Steve Lavin, the embroiled St. John's basketball coach on the hot seat despite another winning season and another trip to the NCAA Tournament, deserves at least one more chance to go dancing. But with the paranoia surrounding the Johnnies program, and the inflated sense of self-regard that exists with St. John’s fans and the pecking order of the basketball team in terms of national perception, Lavin’s future is in doubt.

There is currently a huge difference between where delusional St. John's alumni believe their program stands and where it actually ranks. But the glory days are gone, and Lavin should receive credit for making this program not just respectable but viable.

A buyout that amounts to firing is not the answer.

The Red Storm have disappointed this year, the critics say, this despite a 21-12 record that saw them book a trip the NCAA Tournament for the first time since 2011. In doing so, the program was the only prominent team from the tristate area to go to the Madness, underscoring the accomplishment of Lavin to get his team in there.

And considering that the program has made the NCAA Tournament just four times since 2000 (officially three times with the vacated appearance of 2002), St. John's should actually be talking stability for Lavin and not possible termination. With New York City prep basketball in a recent slump, Lavin's job of recruiting is made far more difficult than years ago when the area owned the deepest pool of talent in the nation.

What Lavin has done is consistently bring a winner to Madison Square Garden, something not exactly seen on the hardcourts of Manhattan in recent years. His teams may have “underachieved,” including this years group that on paper should have been a Top 25 program. But they still win more games than they lose, and that says something.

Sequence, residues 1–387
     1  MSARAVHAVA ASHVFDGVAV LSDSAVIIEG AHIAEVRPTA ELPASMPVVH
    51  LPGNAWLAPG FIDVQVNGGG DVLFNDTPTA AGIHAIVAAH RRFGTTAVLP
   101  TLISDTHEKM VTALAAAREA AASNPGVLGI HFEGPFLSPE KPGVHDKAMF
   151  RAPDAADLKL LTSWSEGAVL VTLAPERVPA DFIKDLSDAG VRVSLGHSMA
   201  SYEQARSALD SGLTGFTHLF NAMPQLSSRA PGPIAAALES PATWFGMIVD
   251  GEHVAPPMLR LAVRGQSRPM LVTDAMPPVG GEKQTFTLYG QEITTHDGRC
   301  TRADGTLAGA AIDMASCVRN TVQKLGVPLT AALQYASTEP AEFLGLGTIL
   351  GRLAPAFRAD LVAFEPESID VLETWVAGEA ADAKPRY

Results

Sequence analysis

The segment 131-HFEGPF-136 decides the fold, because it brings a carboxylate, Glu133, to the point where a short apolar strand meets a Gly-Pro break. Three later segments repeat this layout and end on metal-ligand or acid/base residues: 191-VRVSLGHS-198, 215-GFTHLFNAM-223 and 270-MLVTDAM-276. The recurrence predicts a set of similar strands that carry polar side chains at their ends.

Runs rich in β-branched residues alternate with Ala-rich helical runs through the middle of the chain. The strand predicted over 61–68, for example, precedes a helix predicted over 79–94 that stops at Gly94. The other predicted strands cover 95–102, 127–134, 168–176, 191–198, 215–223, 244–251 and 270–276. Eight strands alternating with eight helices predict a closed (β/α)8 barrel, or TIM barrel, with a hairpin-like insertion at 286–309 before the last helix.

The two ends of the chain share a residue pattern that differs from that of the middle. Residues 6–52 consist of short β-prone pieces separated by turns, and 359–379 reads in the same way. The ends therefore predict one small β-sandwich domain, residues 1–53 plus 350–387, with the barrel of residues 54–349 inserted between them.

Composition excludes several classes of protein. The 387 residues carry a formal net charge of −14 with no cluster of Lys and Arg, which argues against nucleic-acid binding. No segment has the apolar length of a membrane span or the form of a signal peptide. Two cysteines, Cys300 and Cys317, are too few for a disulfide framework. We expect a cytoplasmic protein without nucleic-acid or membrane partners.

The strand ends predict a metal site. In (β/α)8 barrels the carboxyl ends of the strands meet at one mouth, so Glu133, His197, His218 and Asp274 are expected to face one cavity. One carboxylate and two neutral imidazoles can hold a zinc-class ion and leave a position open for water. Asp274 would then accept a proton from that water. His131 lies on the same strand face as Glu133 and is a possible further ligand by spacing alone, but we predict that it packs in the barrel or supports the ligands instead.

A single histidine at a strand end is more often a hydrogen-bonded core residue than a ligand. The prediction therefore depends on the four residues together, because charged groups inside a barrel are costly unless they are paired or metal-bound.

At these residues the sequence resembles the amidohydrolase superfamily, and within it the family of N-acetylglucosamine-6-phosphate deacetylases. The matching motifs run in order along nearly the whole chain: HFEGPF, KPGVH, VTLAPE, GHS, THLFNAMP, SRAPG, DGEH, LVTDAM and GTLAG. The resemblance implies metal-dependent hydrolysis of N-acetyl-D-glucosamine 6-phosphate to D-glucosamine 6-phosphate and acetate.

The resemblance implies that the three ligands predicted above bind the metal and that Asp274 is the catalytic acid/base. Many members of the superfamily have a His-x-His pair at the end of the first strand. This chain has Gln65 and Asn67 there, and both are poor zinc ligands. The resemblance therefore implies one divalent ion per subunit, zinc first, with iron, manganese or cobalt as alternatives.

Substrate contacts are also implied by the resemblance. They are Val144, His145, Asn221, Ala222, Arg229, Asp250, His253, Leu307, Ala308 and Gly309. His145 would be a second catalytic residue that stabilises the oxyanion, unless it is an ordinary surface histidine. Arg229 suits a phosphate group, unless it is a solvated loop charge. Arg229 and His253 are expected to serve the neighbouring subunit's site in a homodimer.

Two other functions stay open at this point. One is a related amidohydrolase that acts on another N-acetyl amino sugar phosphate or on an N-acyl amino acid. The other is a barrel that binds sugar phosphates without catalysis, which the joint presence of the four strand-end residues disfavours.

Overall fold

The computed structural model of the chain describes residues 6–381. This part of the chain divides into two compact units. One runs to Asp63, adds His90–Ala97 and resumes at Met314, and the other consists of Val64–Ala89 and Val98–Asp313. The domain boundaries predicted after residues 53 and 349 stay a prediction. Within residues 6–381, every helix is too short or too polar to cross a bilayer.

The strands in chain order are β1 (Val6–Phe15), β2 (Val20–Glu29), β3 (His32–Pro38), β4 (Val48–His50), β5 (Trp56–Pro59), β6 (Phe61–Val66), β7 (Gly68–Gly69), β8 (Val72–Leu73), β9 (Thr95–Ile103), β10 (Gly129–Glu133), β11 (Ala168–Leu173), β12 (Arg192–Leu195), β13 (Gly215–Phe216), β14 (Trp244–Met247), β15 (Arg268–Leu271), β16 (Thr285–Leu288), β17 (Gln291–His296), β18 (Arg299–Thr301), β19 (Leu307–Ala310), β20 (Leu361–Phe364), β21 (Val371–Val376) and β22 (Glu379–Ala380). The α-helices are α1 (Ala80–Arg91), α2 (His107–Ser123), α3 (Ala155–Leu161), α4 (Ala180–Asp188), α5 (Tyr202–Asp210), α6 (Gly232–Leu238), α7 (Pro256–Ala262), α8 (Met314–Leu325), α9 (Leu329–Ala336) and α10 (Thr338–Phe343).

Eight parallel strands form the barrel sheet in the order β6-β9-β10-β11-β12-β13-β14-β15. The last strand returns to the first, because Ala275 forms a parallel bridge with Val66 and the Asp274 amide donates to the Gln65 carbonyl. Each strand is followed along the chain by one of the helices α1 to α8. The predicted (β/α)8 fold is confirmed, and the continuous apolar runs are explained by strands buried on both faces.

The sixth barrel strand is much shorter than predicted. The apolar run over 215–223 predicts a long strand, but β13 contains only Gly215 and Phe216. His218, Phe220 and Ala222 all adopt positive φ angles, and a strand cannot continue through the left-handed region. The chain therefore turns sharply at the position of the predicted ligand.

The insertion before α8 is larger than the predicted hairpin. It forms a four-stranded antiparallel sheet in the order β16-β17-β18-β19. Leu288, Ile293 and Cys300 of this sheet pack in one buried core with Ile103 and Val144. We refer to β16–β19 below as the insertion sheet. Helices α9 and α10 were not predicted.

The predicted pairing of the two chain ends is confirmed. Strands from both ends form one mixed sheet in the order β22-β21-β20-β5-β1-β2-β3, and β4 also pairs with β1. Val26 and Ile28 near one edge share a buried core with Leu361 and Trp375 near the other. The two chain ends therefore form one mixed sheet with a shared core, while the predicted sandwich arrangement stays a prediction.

In four of their five seasons under Lavin, St. John's has had a winning record and made the postseason all of those years. In three seasons he has topped 20 wins, and while he is 1-4 in the postseason (the one win coming last year in the NIT), there's no doubt that the program has emerged from the abyss under Lavin.

In the previous seven seasons before “Lavinwood” arrived in New York City, St. John's had four seasons of losing records and they didn't have an NCAA Tournament appearance during that stretch.

He isn't the perfect coach, but he isn't Mike Jarvis or Norm Roberts. And that right there is something to be thankful for.

With a solid recruiting class coming in, highlighted by four-star recruit Brandon Sampson, a shooting guard who is a member of the ESPN 100, the cupboard isn't exactly bare around the Red Storm. Lavin has built a decent team, and he deserves at least one more year to see this thing through.

There are fans of Rutgers and Seton Hall that would love to have the problem St. John's is having right now, with four postseason berths and two tickets to the NCAA Tournament in the last five years. And that success is born from Lavin and not from the faded glory that once was the St. John's powerhouse program.